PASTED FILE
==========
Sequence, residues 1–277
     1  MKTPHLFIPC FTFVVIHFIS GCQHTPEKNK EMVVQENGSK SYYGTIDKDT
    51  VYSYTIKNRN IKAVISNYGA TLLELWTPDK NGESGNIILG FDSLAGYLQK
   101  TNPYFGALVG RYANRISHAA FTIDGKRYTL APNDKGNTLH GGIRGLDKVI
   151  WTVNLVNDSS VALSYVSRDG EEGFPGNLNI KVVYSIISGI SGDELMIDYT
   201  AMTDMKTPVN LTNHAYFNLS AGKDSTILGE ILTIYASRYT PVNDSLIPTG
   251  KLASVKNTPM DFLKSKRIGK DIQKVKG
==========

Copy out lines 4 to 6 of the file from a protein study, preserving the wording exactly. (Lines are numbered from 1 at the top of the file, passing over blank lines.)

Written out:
   101  TNPYFGALVG RYANRISHAA FTIDGKRYTL APNDKGNTLH GGIRGLDKVI
   151  WTVNLVNDSS VALSYVSRDG EEGFPGNLNI KVVYSIISGI SGDELMIDYT
   201  AMTDMKTPVN LTNHAYFNLS AGKDSTILGE ILTIYASRYT PVNDSLIPTG